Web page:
Colonial Discourse and Narratives of Hate in Leon Uris's The Haj

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Colonial Discourse and Narratives of Hate in Leon Uris's The Haj

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Title: Colonial Discourse and Narratives of Hate in Leon Uris's The Haj
Author: Gohar, Saddik M. [صديق محمد جوهر]
Abstract: The paper critically examines The Haj as an imperialistic novel incorporating racist and colonialist narratives which aim to defile Arab culture and profane the Islamic religion in order to achieve dubious political purposes. As a novel tracing the development of the Arab-Israeli conflict, argues the paper, The Hai emphasizes the impossibility of reconciliation between the colonized Palestinians and the Zionist colonizers due to racial and cultural differences separating the two sides. Depicting the Palestinians as uncivilized savages and the colonizers as carriers of the banners of western civilization and democracy, The Hai deploys narratives of race and ideology replacing the discourse of the real with that of the imaginary in order to make the latter desirable and render history consumable. The paper also points out that The Hai aims to justify colonization by depicting the colonial process as a historically inevitable movement of progress toward bringing civilization to the land of the barbarians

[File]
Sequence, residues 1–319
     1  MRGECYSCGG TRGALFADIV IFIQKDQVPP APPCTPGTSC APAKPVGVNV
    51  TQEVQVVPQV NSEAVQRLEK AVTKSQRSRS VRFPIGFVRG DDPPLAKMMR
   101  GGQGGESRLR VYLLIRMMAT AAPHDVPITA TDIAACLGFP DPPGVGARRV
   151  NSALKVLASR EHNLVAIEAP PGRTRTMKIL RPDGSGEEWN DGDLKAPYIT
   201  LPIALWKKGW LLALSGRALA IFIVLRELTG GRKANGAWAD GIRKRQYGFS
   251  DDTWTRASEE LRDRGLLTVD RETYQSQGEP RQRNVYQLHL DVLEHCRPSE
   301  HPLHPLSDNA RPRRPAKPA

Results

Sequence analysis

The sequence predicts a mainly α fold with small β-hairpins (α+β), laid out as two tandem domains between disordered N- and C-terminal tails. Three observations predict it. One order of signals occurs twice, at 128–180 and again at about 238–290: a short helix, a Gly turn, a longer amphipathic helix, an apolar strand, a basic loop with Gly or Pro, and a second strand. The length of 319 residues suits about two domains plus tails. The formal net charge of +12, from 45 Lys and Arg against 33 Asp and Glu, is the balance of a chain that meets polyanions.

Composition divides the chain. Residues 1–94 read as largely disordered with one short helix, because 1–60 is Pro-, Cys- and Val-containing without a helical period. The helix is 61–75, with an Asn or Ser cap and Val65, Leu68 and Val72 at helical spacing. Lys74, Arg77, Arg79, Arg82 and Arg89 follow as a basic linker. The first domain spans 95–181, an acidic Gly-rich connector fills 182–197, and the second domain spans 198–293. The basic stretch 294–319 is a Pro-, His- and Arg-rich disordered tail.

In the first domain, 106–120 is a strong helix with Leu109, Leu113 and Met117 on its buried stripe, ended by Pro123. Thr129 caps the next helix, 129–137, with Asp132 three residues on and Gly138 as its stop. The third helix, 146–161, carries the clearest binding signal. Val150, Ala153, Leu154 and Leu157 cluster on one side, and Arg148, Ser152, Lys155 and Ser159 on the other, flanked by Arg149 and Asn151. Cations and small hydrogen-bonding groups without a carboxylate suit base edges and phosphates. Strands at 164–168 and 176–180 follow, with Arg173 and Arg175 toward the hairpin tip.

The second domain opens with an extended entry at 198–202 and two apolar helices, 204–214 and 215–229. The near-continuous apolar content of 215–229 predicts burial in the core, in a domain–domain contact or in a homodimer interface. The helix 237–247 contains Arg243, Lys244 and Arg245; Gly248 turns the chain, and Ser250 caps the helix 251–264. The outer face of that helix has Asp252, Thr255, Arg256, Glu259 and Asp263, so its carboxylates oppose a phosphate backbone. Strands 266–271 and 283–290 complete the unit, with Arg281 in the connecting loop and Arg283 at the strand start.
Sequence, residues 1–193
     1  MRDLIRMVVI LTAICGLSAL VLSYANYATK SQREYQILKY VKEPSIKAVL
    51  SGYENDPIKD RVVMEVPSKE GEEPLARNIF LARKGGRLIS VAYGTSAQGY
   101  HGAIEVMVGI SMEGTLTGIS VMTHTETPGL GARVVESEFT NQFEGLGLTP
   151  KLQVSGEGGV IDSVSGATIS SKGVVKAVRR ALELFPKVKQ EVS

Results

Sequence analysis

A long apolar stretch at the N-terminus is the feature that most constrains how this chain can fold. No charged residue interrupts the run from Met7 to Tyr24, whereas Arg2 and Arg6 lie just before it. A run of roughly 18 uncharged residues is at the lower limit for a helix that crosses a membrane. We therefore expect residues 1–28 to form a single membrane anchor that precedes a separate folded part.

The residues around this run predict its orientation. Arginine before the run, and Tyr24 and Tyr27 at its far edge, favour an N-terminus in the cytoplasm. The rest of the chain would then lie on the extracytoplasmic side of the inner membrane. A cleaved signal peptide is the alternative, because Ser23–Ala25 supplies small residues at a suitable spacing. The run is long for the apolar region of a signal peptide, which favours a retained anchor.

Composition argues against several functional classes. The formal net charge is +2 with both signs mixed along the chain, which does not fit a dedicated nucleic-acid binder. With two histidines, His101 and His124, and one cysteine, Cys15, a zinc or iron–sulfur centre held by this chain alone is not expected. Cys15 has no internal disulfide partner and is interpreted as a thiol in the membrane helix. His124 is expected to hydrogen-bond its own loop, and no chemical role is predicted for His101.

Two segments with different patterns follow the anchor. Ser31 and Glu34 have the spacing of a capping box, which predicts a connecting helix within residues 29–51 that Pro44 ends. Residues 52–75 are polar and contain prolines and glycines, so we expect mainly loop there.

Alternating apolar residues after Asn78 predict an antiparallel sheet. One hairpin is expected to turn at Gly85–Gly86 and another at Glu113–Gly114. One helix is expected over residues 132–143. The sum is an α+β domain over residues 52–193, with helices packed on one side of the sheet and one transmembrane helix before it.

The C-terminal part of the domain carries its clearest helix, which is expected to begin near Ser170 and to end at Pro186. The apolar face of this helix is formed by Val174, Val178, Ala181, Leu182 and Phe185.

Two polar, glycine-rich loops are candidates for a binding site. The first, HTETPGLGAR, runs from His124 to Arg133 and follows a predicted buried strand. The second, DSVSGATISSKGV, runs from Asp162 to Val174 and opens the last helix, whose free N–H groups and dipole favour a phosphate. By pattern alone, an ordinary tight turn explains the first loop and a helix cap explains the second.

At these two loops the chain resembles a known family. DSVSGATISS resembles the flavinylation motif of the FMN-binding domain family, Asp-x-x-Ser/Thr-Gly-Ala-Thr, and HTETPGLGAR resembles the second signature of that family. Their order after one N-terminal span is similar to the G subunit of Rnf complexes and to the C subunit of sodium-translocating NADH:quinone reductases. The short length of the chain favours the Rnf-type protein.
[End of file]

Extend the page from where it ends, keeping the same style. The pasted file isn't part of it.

URI: http://hdl.handle.net/10576/7792
Date: 2006

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